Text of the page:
Frost resistance: Flexural strength [MPa] before freezing - 6.5 6.2 5.8

after freezing - 5.9 5.6 5.1

: Resistant index [%] - min. 0.85 0.91 0.90 0.88

Compressive strength [MPa] before freezing - 45.3 42.7 38.2

after freezing - 50.6 50.6 42.7

3.2. Monitoring of harmful elements

Results of hazardous elements content is summarized in Table 4. Determination of hexavalent water-soluble chromium as well as of radioactivity (226Ra, 228Th, 40K) of cement CEM I 42.5 N and fly ash meet the world criteria specified for Cr6+: max. 2ppm (ppm = mg/kg) and for gamma index (calculated of 40K, 226Ra, 232Th) : <1. For the comparison, the gamma index of concrete composites without (reference sample - RS) and with a 15 wt. % fly ash

as substitution of cement were measured. Total content of CrVI decreased to the value 0.05ppm (FA composite) and to 0.07ppm - value of reference sample. Value of gamma index decreased to 0.146 (FA composite) and 0.140 (RS). Based on these results of the environmental assessment it can be stated that the fly ash under discussion is suitable for its use as cement substitute in concrete.

Table 4. Summary of the harmful elements tests

Tested hazardous elements Unit Fly ash CEMI42.5N Reference sample FA concrete

CrVI mg/kg Cr6+ 0.01 2.46 0.07 0.05

Radioactivity: 226Ra [Bq/kg] 39.259 13.081 8.609 6.463

232Th [Bq/kg] 10.144 19.839 22.258 24.925

40K [Bq/kg] 698.167 169.232 397.18 199.41

Gamma index Iy - 0.411 0.198 0.140 0.146

3.3. Life cycle assessment of concretes

Results of LCA of FA and reference concrete samples are presented in Figure 2. As it can be seen, the fly ash concrete in comparison to reference sample has significantly better indicators of LCA (lower environmental impacts) in each area of evaluation (PEI - Primary energy intensity, POCP - Photochemical ozone creation potential, ODP - Ozone layer depletion potential, NP - nutrient potential, GWP - Global Warming Potential, AP -Acidification Potential).

(.IV P kg CO; eqntwlig

f A '.C'llpl'Jt!'

PEI MJ/kg

AP kg SOj eqniv./g

FA composite Reference sample

POCP kg C;H4 equiv./kg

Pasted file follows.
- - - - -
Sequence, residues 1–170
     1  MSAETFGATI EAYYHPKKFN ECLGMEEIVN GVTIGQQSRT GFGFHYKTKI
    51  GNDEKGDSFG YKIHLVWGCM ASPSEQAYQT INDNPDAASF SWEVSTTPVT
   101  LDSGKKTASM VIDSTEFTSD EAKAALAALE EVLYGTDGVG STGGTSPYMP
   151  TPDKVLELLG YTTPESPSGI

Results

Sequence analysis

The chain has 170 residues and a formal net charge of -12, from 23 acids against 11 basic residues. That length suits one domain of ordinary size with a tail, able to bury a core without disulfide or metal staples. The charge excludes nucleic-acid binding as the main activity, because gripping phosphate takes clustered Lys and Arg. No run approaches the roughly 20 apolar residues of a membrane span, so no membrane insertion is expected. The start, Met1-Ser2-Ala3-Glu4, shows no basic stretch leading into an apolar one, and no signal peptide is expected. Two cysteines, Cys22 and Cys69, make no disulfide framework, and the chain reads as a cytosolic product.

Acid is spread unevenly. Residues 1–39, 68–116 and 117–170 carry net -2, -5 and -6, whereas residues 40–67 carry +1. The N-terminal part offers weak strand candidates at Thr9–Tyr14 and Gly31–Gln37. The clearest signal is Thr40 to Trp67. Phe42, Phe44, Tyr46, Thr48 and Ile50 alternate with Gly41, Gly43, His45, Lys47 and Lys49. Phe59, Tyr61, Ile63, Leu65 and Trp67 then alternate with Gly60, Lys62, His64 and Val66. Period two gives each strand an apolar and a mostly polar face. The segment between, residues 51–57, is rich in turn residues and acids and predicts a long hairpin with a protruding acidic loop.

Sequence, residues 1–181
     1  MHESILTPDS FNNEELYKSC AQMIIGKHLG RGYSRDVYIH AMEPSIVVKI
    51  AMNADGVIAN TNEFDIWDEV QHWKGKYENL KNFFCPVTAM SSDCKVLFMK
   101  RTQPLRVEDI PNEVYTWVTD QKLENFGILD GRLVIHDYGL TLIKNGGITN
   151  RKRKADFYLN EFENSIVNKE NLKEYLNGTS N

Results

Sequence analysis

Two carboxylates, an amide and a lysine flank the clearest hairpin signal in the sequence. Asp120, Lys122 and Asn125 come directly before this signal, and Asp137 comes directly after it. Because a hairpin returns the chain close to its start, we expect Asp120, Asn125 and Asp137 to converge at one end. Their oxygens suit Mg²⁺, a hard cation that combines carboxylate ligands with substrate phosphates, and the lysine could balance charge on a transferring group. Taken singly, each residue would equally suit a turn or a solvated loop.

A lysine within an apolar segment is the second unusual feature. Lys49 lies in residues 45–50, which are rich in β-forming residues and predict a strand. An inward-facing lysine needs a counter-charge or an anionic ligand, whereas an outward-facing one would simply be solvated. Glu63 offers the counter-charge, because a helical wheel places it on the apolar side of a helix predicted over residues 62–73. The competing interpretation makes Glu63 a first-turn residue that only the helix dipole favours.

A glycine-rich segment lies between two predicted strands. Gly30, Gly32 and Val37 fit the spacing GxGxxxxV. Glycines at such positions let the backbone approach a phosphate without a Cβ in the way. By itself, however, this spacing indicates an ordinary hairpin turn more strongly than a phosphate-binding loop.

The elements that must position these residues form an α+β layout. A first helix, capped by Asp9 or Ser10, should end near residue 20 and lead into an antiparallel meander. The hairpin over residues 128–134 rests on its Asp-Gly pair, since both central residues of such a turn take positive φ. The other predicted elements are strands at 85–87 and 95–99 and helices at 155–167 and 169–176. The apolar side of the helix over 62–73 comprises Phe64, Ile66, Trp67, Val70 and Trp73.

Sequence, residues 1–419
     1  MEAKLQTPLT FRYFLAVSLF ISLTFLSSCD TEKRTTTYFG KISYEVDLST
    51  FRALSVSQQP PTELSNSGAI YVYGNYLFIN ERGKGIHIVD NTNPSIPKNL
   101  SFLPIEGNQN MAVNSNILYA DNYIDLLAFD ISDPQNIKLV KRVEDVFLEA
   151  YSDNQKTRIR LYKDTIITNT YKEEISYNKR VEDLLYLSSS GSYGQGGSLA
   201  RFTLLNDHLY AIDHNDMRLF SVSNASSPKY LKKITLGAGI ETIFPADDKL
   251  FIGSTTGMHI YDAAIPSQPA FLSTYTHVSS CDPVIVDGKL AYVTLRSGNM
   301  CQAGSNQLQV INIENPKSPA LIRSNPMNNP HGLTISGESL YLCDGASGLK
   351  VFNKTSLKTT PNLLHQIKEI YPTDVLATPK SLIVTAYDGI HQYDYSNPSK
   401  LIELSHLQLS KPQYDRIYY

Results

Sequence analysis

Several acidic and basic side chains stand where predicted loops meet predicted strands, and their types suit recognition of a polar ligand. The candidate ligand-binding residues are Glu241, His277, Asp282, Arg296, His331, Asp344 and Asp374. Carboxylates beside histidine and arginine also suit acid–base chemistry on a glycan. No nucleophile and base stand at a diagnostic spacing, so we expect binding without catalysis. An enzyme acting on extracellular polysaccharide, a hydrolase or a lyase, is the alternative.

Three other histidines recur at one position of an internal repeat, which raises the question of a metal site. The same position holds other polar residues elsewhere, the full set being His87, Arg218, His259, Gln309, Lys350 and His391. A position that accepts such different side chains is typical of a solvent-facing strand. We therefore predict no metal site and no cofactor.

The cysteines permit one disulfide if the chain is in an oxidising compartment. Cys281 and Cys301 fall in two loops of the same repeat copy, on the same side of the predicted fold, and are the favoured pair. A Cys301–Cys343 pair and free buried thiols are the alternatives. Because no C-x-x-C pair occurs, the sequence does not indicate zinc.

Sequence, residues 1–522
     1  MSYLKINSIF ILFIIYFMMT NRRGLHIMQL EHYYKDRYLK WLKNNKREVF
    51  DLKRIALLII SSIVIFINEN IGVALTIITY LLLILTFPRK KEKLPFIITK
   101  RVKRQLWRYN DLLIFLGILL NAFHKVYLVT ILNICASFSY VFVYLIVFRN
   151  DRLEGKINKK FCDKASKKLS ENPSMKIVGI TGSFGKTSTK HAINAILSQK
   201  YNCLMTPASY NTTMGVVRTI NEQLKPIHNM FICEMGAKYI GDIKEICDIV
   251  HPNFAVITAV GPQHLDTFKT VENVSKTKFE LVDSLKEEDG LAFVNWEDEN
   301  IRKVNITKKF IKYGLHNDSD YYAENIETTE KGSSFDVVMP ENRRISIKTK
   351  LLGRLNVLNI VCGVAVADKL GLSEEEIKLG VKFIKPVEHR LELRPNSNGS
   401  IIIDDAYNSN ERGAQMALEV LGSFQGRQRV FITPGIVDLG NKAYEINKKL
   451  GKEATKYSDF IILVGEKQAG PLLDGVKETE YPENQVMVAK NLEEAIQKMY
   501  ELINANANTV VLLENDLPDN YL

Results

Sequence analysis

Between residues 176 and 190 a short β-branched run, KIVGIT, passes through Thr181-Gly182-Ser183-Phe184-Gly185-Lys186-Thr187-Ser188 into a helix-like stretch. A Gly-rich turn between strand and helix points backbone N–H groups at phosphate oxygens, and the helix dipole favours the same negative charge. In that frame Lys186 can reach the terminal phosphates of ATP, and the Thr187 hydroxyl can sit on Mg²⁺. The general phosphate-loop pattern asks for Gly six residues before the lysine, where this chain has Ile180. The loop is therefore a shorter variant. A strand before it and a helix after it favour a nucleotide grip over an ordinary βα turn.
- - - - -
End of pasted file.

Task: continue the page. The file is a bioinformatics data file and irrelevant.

ODP kg CFC-11 equiv./kg

FA composite Reference sample

NTkglPOJj- e,oh /kg

FAcompcats RefereiKe sample

FA composts I'.tJritjj.• ■.ja. [J»

Fig. 2. Life cycle assessment results

3.4. Multi Criteria Analysis

For the final evaluation of the investigated areas (the quality parameters of freshly mixed concrete and composites, environmental parameters as well as economic benefits identified in the work [17]) two multi criteria analysis - Fuller triangle method (MAI) and Saaty's method (MA2) were chosen. Both analyzes were converted through the Weighted Sum Approach; Ideal Points Analysis; Technique for Order Preference by Similarity to Ideal Solution and Concordance/Discordance Analysis. In the case of MAI the environmental criteria were preferred. In the second case (MA2), the same weights of importance of all environmental impacts and the parameters of strength

and durability were assigned. The results showed that the concrete with a fly ash cement replacement appear to be a better variant, but also it is necessary to note that both of these options have advantages and disadvantages. One disadvantage of fly ash concrete is its lower strength compared to the reference concrete. Although it must be stated that the strength requirements of Slovak technical standards (CS - 32.0MPa, FS - 4.5MPa) have been met, even were exceed with fly ash concrete.

4. Conclusion

Cement is one of the raw materials, which has among the industrial construction materials a significant place. At the same time, its production leads to significant energy consumption and natural resources extraction. Besides, it produced large amounts of CO2 and other pollutants. Therefore, around the world scientists are looking possibilities for reducing of the said impacts to the environment. As the research results, one of the advantageous ways is the utilization of Slovak brown coal fly ash, which seems to be indicated by a suitable cement replacement in the construction of new Slovak road networks (with respect to results of all evaluated areas).

Acknowledgements

This research has been carried out in terms of the project NFP 26220220051 supported from the European Union Structural funds.